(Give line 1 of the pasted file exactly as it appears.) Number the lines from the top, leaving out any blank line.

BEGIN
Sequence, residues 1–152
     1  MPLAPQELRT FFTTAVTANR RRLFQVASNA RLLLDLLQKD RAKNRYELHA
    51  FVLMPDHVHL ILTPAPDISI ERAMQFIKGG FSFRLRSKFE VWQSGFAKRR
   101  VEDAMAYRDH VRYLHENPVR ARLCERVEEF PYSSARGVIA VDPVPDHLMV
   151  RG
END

Sequence, residues 1–152